The Defense Industry Is Expanding the Use of 3D Printing
The Navy is still several years away from being able to print spare parts for ships and airplanes, but ‘that day will surely come.’ By Marcus Weisgerber
The Pentagon and the defense industry are rapidly expanding the use of 3D printing to make parts and tools for more sophisticated military equipment.
The technology—which makes manufacturing more agile and wastes very little material—is already being used aboard the USS Essex, a U.S. Navy amphibious assault ship.
“The crew has printed everything from plastic syringes to oil tank caps, to the silhouettes of planes that are used on the mock-up of the flight deck to keep the flight deck organized,” Adm. James “Sandy” Winnefeld, vice chairman of the Joint Chiefs of Staff, said Monday at the Concordia Summit in New York.
The Navy is still “several years away” from being able to print spare parts for ships and airplanes, but “that day will surely come,” he said.
DOD is using these 3D printing machines across the military services. An item can be printed from an electronic blueprint or scanning an existing part. The U.S. Navy has about 70 3D printing, or additive manufacturing, projects at dozens of sites, Winnefeld said.
The Obama administration has been interested in expanding the use of 3D printing in America for a number of years. In 2012, the Pentagon stood up the National Additive Manufacturing Innovation Institute in Youngstown, Ohio. And many companies are using 3D printing more regularly in the manufacturing process.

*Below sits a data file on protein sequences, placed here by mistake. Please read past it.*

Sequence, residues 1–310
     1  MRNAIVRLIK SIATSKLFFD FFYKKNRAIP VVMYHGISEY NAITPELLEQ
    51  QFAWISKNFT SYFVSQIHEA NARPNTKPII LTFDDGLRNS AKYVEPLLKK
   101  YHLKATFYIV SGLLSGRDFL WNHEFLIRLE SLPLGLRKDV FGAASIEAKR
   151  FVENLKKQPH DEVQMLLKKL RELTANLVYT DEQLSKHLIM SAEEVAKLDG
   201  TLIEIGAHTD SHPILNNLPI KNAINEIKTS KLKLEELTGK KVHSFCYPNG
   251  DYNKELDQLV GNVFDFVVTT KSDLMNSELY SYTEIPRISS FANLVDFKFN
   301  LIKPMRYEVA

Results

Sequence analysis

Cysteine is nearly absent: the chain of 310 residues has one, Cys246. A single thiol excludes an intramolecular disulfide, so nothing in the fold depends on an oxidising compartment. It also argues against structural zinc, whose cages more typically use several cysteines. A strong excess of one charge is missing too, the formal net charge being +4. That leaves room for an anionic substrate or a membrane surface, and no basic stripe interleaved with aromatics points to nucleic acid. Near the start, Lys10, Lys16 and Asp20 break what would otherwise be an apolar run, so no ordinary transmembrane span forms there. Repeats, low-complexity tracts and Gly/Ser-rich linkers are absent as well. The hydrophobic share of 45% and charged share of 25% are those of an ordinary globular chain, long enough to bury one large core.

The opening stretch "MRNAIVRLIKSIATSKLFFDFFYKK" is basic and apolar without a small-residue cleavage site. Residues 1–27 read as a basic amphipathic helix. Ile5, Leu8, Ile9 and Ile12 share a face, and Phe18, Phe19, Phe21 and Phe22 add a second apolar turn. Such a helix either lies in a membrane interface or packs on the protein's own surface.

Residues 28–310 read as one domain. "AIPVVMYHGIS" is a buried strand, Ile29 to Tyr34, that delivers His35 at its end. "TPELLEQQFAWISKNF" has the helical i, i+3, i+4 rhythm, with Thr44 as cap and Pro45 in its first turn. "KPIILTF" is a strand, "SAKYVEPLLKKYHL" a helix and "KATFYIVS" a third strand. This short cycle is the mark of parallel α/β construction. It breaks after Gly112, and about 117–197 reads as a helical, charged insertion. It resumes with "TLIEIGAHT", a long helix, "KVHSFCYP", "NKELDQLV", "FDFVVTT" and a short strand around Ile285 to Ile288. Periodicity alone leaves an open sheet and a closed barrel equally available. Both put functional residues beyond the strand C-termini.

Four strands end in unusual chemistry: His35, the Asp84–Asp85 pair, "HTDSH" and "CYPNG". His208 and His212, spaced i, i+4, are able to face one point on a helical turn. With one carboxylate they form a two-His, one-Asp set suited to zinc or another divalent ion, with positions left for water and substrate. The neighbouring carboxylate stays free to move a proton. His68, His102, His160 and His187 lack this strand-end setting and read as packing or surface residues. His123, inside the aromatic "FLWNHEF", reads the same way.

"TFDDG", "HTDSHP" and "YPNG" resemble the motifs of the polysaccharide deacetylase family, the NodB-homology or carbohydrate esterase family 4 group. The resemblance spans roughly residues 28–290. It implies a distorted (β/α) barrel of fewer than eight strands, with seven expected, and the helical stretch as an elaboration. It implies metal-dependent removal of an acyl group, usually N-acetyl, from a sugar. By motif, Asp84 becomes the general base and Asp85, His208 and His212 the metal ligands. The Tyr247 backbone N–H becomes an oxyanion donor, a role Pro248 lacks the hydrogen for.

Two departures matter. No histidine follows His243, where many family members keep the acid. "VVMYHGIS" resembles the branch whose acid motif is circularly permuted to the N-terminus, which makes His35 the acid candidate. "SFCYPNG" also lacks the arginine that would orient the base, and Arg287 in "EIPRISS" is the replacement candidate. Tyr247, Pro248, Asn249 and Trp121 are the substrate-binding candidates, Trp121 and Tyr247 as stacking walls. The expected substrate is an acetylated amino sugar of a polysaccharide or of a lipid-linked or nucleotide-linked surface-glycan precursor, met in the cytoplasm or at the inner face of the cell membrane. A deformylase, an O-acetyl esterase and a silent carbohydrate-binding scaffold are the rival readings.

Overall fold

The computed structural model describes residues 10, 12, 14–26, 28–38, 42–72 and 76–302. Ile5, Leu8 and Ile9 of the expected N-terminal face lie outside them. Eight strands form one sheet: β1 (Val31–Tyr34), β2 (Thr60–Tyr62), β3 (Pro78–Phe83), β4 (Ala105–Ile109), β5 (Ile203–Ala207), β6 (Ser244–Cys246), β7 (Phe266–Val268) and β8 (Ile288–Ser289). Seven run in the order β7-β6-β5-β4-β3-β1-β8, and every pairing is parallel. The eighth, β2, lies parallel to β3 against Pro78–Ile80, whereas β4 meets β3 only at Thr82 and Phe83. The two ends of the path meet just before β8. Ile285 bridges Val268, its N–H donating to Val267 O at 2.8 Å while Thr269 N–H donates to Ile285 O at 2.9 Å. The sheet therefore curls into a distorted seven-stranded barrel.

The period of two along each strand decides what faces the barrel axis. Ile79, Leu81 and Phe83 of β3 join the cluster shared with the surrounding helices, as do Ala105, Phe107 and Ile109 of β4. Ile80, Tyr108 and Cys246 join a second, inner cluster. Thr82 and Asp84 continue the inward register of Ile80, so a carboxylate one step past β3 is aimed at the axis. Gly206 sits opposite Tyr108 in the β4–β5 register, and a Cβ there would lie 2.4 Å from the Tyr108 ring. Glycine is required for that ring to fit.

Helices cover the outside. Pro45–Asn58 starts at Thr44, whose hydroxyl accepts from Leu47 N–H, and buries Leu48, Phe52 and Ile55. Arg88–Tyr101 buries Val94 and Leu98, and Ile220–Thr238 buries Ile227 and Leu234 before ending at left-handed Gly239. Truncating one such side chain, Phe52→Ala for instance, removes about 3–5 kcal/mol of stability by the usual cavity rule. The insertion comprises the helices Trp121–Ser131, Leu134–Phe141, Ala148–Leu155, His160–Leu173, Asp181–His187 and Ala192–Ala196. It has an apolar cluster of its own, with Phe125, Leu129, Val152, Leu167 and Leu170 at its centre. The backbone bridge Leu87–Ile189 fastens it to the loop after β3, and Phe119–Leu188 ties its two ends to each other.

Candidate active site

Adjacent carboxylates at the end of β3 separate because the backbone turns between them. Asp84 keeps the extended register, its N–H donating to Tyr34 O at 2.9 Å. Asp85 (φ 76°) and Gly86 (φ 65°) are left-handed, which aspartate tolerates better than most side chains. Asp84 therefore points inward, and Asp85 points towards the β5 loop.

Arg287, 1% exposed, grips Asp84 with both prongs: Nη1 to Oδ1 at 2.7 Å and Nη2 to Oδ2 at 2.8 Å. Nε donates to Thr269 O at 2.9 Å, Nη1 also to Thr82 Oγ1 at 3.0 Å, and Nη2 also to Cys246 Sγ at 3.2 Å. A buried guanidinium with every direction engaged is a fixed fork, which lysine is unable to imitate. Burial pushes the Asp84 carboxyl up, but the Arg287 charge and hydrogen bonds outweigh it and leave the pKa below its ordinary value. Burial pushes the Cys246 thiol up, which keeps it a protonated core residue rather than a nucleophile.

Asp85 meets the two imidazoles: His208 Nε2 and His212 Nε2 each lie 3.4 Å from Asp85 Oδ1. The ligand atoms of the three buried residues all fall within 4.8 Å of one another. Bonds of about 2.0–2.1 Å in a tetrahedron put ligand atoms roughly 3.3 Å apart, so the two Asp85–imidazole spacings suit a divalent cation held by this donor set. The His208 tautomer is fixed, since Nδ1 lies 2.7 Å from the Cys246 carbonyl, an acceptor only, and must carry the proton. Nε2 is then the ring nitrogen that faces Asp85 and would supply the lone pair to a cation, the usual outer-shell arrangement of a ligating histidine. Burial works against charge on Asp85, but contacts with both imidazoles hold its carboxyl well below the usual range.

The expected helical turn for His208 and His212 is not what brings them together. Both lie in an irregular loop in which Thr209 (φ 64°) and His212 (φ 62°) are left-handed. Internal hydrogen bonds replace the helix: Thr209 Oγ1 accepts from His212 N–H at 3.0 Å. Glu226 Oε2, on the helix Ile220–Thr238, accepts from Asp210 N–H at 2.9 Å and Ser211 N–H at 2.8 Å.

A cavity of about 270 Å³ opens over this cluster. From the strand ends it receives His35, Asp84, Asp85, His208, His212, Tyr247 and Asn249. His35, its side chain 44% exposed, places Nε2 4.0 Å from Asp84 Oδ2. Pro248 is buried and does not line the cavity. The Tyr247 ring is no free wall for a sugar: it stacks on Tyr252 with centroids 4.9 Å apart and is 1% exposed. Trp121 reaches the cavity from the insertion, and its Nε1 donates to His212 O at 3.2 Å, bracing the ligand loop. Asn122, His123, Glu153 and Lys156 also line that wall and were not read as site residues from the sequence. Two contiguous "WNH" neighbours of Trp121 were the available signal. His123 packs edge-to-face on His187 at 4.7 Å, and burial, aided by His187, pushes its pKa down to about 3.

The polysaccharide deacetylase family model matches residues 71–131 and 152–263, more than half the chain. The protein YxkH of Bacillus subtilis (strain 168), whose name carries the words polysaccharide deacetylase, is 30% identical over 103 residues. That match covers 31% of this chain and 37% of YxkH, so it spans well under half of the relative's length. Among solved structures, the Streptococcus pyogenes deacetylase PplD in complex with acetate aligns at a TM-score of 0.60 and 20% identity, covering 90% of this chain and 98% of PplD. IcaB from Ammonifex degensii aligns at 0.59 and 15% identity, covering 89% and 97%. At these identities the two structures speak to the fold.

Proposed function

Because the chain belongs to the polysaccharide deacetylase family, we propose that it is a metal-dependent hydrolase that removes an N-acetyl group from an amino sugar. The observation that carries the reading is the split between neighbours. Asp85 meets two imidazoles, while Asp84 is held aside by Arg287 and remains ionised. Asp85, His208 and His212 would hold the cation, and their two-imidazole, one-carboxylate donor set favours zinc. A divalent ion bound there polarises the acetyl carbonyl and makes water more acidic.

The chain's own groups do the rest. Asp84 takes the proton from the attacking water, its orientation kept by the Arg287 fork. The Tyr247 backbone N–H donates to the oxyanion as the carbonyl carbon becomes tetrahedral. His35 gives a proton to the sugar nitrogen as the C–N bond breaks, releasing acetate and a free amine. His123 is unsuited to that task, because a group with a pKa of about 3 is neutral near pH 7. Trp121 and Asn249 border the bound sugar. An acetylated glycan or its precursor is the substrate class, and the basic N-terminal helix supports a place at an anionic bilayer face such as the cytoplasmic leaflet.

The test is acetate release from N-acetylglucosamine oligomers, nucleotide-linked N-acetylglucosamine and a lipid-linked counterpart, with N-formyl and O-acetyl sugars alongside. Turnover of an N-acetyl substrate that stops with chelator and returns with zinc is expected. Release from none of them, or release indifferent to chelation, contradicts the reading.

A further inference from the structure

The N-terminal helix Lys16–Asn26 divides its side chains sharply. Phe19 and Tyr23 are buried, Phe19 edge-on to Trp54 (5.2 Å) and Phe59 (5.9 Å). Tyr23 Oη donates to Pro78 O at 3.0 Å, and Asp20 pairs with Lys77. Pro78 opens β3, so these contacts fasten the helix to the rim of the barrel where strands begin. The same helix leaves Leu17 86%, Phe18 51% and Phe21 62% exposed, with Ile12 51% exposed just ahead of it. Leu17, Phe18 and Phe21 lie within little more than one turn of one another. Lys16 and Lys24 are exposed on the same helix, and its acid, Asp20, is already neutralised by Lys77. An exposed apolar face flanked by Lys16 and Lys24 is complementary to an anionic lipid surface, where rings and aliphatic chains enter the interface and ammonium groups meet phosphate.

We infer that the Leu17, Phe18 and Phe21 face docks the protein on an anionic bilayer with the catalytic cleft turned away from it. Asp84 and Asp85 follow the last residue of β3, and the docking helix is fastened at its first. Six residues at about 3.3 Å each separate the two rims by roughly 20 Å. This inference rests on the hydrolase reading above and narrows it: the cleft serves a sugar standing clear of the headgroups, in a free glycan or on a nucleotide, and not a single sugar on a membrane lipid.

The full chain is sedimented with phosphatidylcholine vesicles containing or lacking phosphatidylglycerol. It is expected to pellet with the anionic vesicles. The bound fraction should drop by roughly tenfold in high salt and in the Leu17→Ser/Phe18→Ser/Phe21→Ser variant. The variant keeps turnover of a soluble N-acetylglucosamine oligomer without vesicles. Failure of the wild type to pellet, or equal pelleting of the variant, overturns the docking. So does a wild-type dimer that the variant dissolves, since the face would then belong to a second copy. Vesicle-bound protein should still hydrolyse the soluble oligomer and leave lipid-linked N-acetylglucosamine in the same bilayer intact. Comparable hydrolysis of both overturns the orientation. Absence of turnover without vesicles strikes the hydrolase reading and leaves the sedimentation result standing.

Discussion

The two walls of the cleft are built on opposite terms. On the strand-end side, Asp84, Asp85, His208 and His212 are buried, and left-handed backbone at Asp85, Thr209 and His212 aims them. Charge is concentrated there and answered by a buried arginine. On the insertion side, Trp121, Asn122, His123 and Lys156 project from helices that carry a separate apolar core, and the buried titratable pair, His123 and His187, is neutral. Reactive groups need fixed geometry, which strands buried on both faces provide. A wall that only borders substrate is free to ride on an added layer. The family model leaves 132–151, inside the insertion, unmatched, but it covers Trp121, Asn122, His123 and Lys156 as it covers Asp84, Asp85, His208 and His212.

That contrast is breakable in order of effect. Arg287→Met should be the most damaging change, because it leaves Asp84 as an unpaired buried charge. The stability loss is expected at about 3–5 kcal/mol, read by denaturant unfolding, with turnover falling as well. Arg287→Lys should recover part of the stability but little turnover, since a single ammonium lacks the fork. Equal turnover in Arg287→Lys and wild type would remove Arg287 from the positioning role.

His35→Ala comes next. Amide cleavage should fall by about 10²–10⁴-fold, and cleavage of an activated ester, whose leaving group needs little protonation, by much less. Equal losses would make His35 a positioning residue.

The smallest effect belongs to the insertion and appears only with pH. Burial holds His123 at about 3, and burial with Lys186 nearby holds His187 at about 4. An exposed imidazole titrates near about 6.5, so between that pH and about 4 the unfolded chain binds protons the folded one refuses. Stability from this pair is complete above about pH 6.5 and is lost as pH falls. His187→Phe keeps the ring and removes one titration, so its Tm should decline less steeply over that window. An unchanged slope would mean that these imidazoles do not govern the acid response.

(Related: The Army Is Developing 3D Printers to Make Food)
Defense giant Lockheed Martin is using high-tech 3D printers to manufacturer tools used to build the F-35 Joint Strike Fighter, a next-generation fighter jet that will be flown by the U.S. military and allies.
“There are no 3D-printed parts flying on F-35 today, [but] we use hundreds of 3D-printed tools for F-35 manufacturing such as bracket locators and drill templates,” Lockheed spokesman Mark Johnson said. “We are working on 3D printing of parts, but they are still a few years in the future.”
In June, Aerojet Rocketdyne announced it had successfully tested an engine built entirely using additive manufacturing.
“The engine, which is normally comprised of dozens of parts, consisted of only three additive-manufactured components: the entire injector and dome assembly; the combustion chamber; and a throat and nozzle section,” the company said in a statement earlier this year.
Winnefeld also touted General Electric’s use of 3D printing to make jet engine valves.